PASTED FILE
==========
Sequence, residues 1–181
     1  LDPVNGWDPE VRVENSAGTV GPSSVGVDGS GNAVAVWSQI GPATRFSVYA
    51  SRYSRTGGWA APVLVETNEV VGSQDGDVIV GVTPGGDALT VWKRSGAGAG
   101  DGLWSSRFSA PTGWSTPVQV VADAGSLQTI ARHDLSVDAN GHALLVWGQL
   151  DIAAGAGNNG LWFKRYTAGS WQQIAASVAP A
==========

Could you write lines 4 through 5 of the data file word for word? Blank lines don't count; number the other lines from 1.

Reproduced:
   101  DGLWSSRFSA PTGWSTPVQV VADAGSLQTI ARHDLSVDAN GHALLVWGQL
   151  DIAAGAGNNG LWFKRYTAGS WQQIAASVAP A